Aberdeen event promotes FNF Scotland work

Despite losing one speaker through rail delays, our meeting on 7th December to promote FNF work in Aberdeen resulted in a very useful discussion on a range of issues.  It also highlighted the strong interest in collaborative law amongst Aberdeen family lawyers.

Karen Woodall from the Centre For Separated Families would have talked about their work in supporting the whole family, gender inequality and with high conflict families if her train had made it north of Edinburgh - we hope to invite her back next year, maybe to support our work in Stirling.

Instead, our audience of fathers, family lawyers, educationalists and family support staff (including two people from the newly renamed Avenue mediation, contact and counselling service) heard from Ian Maxwell about how FNFworks to support individuals and also campaigns to change the system.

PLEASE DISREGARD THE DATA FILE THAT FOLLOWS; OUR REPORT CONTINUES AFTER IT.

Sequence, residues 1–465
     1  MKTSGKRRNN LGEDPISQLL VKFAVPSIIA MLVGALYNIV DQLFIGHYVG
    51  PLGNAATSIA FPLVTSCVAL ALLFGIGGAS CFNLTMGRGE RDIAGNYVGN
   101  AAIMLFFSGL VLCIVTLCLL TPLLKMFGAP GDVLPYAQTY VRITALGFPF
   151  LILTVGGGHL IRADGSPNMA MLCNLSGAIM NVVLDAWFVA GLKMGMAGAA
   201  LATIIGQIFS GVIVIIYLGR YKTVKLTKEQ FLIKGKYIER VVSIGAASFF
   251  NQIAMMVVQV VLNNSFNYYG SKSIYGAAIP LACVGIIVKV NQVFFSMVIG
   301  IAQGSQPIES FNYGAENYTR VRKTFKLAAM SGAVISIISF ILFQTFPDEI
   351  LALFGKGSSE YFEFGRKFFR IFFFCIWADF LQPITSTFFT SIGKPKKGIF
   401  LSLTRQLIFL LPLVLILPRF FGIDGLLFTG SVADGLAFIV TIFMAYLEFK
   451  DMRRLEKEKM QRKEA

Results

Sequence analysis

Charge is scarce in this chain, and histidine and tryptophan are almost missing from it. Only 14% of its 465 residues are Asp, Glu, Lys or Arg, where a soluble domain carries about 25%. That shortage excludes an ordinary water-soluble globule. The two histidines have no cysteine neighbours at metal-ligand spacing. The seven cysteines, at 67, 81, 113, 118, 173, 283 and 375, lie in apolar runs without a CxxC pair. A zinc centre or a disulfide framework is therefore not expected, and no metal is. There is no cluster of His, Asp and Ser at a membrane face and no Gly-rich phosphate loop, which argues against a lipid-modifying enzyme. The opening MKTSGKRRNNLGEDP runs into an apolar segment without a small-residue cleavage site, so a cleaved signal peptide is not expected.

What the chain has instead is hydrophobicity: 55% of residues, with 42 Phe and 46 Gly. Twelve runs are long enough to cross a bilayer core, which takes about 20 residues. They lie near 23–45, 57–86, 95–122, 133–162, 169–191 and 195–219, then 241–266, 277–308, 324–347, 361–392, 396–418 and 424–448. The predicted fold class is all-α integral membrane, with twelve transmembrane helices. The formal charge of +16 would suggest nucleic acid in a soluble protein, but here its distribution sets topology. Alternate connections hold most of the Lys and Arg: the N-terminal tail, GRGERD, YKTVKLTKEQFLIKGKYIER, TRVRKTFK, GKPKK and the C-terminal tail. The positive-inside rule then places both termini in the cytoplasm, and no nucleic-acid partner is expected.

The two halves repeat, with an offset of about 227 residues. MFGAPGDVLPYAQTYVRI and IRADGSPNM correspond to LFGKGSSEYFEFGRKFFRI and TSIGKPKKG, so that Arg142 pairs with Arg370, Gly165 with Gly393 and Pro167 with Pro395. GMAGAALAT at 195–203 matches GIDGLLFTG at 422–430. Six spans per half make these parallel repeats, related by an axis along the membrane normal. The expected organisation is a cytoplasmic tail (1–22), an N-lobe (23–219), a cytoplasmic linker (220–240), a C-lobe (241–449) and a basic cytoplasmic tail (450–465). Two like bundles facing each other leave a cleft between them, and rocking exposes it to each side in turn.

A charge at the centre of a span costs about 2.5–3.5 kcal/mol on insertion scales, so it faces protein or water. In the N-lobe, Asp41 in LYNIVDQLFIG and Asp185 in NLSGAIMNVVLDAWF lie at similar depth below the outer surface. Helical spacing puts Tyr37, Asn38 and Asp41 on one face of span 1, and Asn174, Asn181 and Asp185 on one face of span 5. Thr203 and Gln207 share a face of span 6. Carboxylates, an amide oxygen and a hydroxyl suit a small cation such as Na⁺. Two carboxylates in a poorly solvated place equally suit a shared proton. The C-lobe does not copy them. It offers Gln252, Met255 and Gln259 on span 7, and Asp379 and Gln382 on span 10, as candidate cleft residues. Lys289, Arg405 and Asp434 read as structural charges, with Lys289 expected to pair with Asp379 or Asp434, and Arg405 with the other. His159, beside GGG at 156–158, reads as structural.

John Forsyth spoke about "Equal Parents"- the new report from FNF Scotland about clearing the obstacles to involvement of non-resident parents in their children's education. 

Many fathers have contacted FNF Scotland about problems in getting hold of school information about their children, such as the wrongful refusal to release school attendance information to a father because he didn't have parental rights.

John sent a Freedom of Information Request to all Scottish local authorities in mid 2011, asking about their policies on the right of non-resident parents to information about their children, how they collect contact details for non-resident parents, how they make school information available to non-resident parents and whether they know what proportion of their school roll had parents living apart.